Back by popular demand, this Dixieland band's natural home is on streets of New Orleans, as the video below shows. After their wonderful 2017 show at Delaware Valley, it's great to see them back again. They also serve to remind us that old-time, required by the charter of this festival, has its manifestations in much of American music that contributed differing strands to what became, and remains, bluegrass music. So often, we forget the blues, jazz, country, and pop influences that Bill Monroe heard in his head and which continue to influence the growth and development of the genre. 

Tuba Skinny - Gimme Some

Appalachian Road Show
Image result for appalachian road show

Appalachian Roadshow is a super-band formed by two members of the the now defunct Mountain Heart, Barry Abernathy and Jim van Cleve, with Darrell Webb and a variety of other players, depending on their availability.  But don't worry, in the two videos I watched, the guitar spot was held either by Bryan Sutton or Zeb Snyder, great players a generation removed from each other in age, but not talent. Their 90 minute show provides a tour through the music of early Appalachia. This production promises to provide high energy, traditional bluegrass with lots of virtuoso solos.

Appalachian Road Show - Dance, Dance, Dance

Travelin McCourys

Some bluegrass fans might be tempted to think of the Travelin' McCourys as The Del McCoury Band without Dad. Don't fool yourself! This band, while you can't miss the echoes of Del's voice in his son Ronnie, has found its own groove, sound, and personality...and their Grammy award suggests that this has been recognized by the larger world of American music. Their singing has emerged as distinctive, yet clearly in the mainstream of contemporary bluegrass music. The addition of Cody Kilby on guitar has filled out an instrumental band without peer. Every member of this band has been recognized as Instrumental Player of the Year by IBMA on his instrument.  'Nuff said.....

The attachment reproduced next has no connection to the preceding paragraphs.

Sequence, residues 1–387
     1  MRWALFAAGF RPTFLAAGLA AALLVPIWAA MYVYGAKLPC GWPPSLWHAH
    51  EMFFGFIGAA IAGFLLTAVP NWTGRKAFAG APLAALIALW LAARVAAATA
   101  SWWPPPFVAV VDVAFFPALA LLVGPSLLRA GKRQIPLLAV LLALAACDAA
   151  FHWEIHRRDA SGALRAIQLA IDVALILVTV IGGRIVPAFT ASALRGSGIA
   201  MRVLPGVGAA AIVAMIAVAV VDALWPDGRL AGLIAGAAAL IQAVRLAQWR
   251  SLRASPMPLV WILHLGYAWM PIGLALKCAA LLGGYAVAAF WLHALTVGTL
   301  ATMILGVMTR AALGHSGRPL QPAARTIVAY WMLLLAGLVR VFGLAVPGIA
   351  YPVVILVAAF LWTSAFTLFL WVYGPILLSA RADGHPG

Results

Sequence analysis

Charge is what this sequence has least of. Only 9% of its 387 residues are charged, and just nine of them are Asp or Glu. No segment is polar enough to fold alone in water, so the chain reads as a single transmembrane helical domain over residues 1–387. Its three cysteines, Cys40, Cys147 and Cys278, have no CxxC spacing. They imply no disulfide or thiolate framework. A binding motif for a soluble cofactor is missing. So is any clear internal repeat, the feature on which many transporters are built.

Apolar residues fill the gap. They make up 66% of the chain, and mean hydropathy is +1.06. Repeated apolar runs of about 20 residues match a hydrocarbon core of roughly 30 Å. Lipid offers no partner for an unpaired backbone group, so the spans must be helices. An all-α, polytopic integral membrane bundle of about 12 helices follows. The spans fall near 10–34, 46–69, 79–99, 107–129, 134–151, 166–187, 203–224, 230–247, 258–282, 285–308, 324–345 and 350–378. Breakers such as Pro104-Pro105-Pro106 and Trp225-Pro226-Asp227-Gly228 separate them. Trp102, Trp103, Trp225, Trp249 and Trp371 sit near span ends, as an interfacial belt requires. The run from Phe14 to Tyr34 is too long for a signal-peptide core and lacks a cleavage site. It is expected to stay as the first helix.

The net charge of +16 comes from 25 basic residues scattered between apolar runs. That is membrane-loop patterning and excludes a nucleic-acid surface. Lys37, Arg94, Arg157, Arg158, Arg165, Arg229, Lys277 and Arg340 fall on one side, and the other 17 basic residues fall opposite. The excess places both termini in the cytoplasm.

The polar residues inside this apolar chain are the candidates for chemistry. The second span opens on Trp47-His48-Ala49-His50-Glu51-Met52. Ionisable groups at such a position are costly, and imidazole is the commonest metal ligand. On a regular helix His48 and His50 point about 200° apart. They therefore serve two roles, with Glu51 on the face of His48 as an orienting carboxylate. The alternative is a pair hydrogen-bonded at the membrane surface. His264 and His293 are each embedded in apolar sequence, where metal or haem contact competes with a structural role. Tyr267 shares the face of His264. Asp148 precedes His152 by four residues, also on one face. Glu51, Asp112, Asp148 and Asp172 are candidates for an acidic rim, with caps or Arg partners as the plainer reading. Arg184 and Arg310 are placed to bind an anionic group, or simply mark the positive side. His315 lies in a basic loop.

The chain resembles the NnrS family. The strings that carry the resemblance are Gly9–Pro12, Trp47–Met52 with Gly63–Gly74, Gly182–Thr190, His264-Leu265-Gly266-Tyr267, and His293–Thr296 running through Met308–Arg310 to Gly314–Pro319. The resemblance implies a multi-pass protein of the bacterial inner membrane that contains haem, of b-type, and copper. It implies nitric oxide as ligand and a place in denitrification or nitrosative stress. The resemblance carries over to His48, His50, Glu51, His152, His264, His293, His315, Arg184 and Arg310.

The Travelin' McCourys - Lonesome, On'ry, and Mean

Sunday (one Performance only by each band) 
Kids Academy

Kids Academy is a  project of love and commitment to the continuation of traditional music through encouraging young people to learn and perform. Again this year, Kids Academy will be directed by Ira Gitlin with the skilled help of several gifted performers and teachers. Come early to suppport the performance of these kids before the formal opening of professional performers on Sunday morning. 

2018 Kids' Academy

The Onlies

With music drawn from a wide variety of old time and folk traditions from Appalachia, Ireland, Scotland and Canada, The Onlies, some of whom have been musical friends since childhood, growing up to become widely known and admired. A quick look at the breadth and importance of their summer tour, the front page of their web site, tells the tale. While their musical journey has taken them to some unlikely collaborations, such as Elvis Costello. "Traditional music is such an integral part of our lives that we couldn’t ever imagine stopping,” they say in an article in Northwest Folklife. You should look carefully at this band, opening the music on Sunday after the Kids Academy.  

The Onlies - Cherokee Trail & Going Up to Hamburg

The Tuesday Mountain Boys

The Tuesday Mountain Boys are composed of local players who are recognized for the importance of South Jersey to the festival.  They play pleasant music, just right for a Sunday morning, and enjoy themselves.
The Tuesday Mountain Boys - Instrumental

The Slocan Ramblers